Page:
1. Overview

KVM (Kernel-based Virtual Machine) is a popular virtualization technology for Linux-based operating systems. Along with the QEMU hardware emulator, KVM converts Linux to a bare-metal hypervisor, allowing a host computer to run multiple separate virtual environments known as guests or virtual machines (VMs). KVM benefits directly from every new Linux feature, repair, and development since it’s part of the current Linux code.

In this tutorial, we’ll learn the essentials of setting up a KVM hypervisor on an Ubuntu 18.04 server, as well as how to create and manage KVM virtual machines using the command line.

2. KVM Installation and Configuration

KVM consists of a kernel module (kvm.ko) that provides a virtualization layer and a processor-specific module (kvm-intel.ko or kvm-amd.ko), depending on the CPU type.

2.1. Check the Virtualization Requirements

First, it’s necessary to confirm that the CPU is compatible with virtualization technology. Since KVM only functions with Intel or AMD processors, the following command enables fetching in /proc/cpuinfo for ‘vmx’ or ‘svm’ flags related respectively to Intel and AMD processor types:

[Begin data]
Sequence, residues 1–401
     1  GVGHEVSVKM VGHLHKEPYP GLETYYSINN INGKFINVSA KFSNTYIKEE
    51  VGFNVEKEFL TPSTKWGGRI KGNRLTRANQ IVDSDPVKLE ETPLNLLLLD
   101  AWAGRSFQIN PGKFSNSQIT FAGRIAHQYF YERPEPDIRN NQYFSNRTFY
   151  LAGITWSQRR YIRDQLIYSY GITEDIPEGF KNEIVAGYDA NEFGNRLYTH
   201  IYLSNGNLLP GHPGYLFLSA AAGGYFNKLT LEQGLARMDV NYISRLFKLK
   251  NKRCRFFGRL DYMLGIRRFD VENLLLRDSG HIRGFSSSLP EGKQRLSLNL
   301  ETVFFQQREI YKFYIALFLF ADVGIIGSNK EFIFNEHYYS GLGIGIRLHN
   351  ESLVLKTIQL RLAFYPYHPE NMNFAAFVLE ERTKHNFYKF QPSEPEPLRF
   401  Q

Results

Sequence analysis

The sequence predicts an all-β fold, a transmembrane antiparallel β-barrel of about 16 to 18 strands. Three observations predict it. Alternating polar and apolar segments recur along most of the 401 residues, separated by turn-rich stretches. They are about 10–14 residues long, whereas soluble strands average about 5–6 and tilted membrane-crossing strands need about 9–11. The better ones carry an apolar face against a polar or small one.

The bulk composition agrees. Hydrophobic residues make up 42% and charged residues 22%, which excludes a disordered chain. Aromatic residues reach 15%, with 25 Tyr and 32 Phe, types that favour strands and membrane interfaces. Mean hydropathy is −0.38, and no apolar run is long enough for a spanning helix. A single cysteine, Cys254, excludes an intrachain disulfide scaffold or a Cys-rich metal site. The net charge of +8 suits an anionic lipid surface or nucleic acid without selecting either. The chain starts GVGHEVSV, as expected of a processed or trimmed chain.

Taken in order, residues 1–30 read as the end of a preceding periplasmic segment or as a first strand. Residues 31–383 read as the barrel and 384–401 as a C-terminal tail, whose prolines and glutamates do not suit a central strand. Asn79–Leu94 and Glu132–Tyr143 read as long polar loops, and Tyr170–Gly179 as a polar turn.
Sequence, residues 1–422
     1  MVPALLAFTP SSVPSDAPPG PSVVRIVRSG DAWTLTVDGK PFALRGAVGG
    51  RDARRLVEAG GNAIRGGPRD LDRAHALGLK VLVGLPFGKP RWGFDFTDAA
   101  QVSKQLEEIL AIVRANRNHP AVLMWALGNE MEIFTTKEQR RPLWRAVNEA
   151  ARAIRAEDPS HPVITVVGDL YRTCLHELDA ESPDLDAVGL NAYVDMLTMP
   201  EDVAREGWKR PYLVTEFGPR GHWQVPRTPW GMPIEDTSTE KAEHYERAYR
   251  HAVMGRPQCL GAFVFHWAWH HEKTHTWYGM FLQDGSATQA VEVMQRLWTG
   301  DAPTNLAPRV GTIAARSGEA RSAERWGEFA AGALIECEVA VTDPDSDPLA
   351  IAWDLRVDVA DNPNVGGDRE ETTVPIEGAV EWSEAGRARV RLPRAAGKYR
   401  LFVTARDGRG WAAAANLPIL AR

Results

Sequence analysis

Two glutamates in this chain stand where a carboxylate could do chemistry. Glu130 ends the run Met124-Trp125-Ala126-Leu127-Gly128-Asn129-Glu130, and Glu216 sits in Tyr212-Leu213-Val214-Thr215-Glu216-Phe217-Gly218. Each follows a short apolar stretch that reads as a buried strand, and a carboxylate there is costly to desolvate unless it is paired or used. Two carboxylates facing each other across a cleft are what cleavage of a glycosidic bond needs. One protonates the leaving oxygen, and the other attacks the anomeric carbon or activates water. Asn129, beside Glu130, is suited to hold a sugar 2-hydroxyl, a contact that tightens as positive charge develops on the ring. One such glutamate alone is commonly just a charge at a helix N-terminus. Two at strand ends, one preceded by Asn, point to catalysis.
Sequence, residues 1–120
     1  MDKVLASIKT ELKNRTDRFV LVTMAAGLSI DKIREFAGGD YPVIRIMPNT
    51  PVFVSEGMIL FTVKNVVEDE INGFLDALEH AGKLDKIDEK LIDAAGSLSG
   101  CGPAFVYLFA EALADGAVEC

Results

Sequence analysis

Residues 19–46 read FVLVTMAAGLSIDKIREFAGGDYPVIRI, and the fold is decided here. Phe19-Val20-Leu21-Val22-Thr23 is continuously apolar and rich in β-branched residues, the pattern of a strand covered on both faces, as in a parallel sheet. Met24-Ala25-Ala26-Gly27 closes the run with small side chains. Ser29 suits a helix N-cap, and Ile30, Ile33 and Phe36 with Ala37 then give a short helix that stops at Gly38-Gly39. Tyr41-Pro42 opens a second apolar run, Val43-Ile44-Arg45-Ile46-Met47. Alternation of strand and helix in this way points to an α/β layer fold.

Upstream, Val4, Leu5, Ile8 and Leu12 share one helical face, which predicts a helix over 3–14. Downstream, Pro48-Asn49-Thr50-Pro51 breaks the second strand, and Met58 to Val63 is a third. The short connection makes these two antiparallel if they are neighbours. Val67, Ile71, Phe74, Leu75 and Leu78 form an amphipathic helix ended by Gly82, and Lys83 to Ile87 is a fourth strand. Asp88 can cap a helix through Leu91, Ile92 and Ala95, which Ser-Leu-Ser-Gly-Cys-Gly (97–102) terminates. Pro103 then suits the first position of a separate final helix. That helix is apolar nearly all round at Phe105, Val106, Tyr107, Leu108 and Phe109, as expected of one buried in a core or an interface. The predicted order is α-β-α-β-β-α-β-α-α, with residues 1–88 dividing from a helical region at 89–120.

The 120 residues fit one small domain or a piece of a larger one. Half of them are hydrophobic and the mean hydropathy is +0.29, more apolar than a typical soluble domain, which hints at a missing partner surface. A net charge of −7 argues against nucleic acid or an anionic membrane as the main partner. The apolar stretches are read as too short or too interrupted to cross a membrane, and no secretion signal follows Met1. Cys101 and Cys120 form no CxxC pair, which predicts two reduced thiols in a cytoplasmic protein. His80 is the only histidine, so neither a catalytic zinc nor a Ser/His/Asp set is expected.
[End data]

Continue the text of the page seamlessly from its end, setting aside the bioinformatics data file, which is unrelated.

$ egrep -c '(vmx|svm)' /proc/cpuinfo

If the output is larger than zero, the system has virtualization enabled. Otherwise, we need to access the server’s BIOS settings and activate the virtualization technology (Intel VT-x or AMD-v).

Then, to verify that we can run KVM virtual machines on the server, we run the kvm-ok command:

$ kvm-ok 
INFO: /dev/kvm exists 
KVM acceleration can be used

If the command doesn’t exist, it can be downloaded using the apt package cpu-checker.

2.2. Install KVM